HOW TO APPLY
To apply for MOT exemption on a vehicle that’s more than 40 years old, it first of all needs to be classed as a Vehicle of Historic Interest (VHI). You will need to fill in section seven of your vehicle’s V5C (log book) to change the taxation class to Historic, and any post office that deals with vehicle tax can forward your V5C to the DVLA to have it changed. Even if you do not want to go ahead with MOT exemption, you can still have free vehicle tax, provided the vehicle is old enough, so you must change the taxation class to Historic. When doing this, the vehicle must have a valid MOT certificate.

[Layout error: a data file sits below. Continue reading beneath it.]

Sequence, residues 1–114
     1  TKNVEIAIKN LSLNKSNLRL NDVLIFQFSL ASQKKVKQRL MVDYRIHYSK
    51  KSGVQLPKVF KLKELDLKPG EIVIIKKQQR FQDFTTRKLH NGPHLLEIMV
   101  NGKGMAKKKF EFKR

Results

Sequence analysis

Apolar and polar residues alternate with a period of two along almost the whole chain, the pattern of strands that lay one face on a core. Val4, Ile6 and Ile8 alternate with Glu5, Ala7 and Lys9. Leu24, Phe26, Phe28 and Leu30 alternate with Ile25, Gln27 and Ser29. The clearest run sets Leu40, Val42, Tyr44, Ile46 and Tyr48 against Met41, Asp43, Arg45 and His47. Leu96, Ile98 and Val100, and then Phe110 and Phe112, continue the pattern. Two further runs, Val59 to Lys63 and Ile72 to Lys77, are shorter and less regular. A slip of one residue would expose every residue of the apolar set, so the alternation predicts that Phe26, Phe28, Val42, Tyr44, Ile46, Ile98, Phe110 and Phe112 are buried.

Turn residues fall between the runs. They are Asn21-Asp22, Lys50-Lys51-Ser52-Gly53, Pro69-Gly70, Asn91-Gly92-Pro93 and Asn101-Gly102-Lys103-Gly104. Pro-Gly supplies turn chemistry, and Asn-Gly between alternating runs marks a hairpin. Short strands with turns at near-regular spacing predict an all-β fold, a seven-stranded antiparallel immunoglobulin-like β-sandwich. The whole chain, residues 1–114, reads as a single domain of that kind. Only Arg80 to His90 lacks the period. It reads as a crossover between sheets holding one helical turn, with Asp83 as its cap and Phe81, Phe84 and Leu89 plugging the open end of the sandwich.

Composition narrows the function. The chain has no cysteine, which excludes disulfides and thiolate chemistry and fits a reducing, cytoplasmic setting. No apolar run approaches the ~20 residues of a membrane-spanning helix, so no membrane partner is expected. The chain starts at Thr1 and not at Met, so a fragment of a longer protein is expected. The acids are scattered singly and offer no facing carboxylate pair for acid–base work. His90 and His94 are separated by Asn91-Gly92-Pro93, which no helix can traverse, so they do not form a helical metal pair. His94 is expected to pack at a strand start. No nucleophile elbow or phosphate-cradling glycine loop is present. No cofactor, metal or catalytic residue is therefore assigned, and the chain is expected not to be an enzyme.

At the point of taxing a vehicle, you can declare the vehicle is exempt from the MOT. There is one important declaration that needs to be made when applying for MOT exemption: you have to state that the vehicle has not been substantially changed. The official guidelines say: “The responsibility to ensure the declared vehicle is a VHI and meets the criteria, rests with the vehicle keeper as part of their due diligence. If a vehicle keeper is not sure of the status of a vehicle, they can consult a marque or historic vehicles expert, a list of whom will be available on the website of the Federation of British Historic Vehicle Clubs. If a vehicle keeper cannot determine that the vehicle has not been substantially changed, they should not claim an exemption from the MOT test.”